Journal of a Living Lady #313
Nancy White Kelly
Many flips of the calendar page have transpired since I last burned myself. A couple of years ago, in a busy kitchen, I hastily grabbed the handle of a hot cast iron skillet and dropped it even faster.
At this stage of life, I should remember that fire and resulting heat has the capacity to cook human flesh. I wasn’t thinking that day about life lessons.
It was a cool, but soggy Saturday morning. The clock said ten o’clock and I was hustling to get across the driveway to the coin shop that adjoins our home. My arms were fully loaded with a laptop, keys, briefcase, dangling cords and a piping hot cup of apple cider.
Buddy would have held the door open if he were around. My mind asked rhetorically, “Where is that husband of mine when I need him?”
Frustrated, I kicked the bottom of the screen door and moved forward full-force. The door didn’t budge. The wooden screen door frame was swollen from the moisture in the air. It didn’t budge. As the steaming cider spilled onto my hand, I briefly recalled the words of Newton, “For every action there is an equal and opposite reaction.”
My normal reaction to extreme heat would be to turn loose of everything I am holding. But, having dropped an almost new lap top a year earlier, my financial instinct prevailed. I held onto the expensive computer and allowed the blistering cider to saturate my left hand. The middle three fingers were essentially boiled.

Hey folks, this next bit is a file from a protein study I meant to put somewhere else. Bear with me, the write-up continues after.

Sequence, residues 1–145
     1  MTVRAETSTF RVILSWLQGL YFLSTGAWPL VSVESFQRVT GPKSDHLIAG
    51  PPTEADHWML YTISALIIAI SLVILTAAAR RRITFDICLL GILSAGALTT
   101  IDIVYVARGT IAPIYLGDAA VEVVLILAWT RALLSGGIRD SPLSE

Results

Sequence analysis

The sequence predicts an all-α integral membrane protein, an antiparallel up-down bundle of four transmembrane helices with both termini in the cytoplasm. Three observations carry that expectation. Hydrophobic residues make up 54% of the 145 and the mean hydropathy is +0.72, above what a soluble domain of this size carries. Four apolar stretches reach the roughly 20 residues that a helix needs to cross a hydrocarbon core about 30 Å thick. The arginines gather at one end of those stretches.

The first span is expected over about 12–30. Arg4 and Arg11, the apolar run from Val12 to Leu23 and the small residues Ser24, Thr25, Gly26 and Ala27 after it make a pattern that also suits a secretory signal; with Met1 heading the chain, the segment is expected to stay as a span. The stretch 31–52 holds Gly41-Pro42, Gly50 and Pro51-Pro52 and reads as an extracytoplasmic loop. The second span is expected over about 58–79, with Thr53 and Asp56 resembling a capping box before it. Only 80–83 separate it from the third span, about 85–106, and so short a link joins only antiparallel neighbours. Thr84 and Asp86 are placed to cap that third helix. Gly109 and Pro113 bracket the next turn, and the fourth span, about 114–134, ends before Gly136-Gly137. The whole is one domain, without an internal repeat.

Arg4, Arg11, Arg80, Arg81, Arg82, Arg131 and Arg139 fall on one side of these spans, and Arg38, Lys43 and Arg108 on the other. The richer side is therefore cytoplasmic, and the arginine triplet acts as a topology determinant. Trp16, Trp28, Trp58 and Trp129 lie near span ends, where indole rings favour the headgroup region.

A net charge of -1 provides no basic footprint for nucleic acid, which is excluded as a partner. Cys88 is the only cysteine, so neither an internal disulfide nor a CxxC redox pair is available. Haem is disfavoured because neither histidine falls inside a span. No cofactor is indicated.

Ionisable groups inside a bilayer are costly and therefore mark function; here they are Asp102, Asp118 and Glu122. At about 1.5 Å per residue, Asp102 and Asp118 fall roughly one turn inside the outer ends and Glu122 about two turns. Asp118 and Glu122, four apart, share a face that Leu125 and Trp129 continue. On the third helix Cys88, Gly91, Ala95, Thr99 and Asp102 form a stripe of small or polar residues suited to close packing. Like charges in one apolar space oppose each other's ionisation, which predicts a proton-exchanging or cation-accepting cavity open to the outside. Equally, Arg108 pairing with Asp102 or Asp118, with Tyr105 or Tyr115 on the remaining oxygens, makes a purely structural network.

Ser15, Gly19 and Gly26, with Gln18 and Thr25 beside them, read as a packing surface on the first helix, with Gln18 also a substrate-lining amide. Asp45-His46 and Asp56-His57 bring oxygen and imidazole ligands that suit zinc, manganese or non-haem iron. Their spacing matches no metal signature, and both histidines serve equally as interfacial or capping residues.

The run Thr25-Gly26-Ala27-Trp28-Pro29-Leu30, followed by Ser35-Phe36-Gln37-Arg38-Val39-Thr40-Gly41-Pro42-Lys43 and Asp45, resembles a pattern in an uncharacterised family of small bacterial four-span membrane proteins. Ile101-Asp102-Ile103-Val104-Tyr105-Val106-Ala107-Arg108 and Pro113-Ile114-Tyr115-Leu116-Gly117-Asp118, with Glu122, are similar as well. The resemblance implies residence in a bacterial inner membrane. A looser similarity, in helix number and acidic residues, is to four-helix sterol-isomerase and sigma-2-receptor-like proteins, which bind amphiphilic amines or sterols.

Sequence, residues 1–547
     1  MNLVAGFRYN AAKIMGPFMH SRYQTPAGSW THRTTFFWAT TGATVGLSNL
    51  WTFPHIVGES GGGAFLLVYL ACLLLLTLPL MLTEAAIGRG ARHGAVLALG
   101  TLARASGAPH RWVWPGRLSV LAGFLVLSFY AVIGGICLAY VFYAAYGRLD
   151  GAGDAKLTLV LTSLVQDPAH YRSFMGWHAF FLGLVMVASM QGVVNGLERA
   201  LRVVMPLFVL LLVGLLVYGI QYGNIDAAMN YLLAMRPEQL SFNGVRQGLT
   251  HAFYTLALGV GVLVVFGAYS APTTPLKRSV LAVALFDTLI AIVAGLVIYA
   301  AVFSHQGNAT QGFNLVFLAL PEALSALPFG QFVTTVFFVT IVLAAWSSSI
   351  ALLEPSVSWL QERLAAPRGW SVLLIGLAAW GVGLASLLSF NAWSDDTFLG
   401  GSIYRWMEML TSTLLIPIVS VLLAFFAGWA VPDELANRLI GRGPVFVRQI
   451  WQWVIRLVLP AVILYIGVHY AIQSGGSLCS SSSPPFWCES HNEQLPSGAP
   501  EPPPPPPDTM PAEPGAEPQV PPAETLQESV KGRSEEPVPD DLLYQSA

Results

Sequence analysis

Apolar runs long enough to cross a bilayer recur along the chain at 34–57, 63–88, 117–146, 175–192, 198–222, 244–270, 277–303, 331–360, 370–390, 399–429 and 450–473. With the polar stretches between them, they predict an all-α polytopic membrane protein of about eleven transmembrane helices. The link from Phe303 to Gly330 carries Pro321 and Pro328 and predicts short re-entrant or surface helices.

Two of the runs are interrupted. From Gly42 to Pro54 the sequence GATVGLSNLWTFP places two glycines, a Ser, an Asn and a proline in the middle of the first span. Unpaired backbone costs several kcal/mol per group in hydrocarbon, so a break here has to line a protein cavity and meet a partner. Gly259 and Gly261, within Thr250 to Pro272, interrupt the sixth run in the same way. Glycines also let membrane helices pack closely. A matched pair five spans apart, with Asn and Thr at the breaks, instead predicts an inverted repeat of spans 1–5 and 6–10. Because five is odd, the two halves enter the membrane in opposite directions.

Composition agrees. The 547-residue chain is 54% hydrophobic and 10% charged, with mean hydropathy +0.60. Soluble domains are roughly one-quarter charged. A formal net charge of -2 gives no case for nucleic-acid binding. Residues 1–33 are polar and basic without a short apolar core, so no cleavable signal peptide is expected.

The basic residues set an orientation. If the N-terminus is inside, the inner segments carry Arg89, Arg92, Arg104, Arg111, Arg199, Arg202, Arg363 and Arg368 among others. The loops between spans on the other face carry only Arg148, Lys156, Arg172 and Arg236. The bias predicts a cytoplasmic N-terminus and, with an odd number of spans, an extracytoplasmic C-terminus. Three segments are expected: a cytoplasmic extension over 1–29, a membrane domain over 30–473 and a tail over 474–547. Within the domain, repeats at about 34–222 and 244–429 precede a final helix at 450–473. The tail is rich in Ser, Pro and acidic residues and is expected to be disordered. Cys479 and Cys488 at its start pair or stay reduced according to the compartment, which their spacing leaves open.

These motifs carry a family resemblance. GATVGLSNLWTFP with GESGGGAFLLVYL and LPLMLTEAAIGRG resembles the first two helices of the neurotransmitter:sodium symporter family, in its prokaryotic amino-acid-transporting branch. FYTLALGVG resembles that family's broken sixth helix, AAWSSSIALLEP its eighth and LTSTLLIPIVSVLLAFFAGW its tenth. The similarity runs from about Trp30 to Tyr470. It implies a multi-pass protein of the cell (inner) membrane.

Once inside the coin shop, I repeatedly headed to the restroom and doused my fingers under the cold faucet water. The pain temporarily abated while the water ran over my hand, but returned when I walked away. It was an odd experience to hope no buyers or sellers of coins would come that day. It would be hard to concentrate on calculating the price of even the smallest cache of silver change. What if a customer wanted to inspect some of the items in the showcase? It is hard to be civil, much less pleasant at such times. Pain has an unrelenting way of commanding attention.
In desperation, I tried a few drops of the morphine I occasionally take for the bone cancer. Even it failed to bring relief. For three tough hours I could think of little else other than those three swelling fingers.
Fifteen out-of-town relatives were coming for the holidays. There were presents still to be wrapped and onions to be chopped. I didn’t need this torment.
The pain eventually subsided and I had a new appreciation of life without intense pain. My burn was so minor compared to those sustained by folks in the burn unit of Grady Hospital or our American soldiers recuperating from roadside bombs blasts. I felt like such a wimp.
Often life lessons need to be repeated. I hope I can remember these three: Fire burns. Life hurts sometimes. The sun always shines…even after the longest day and darkest night.
PS: The Journal of the Living Lady has appeared spasmodically recently due to newspaper transitions.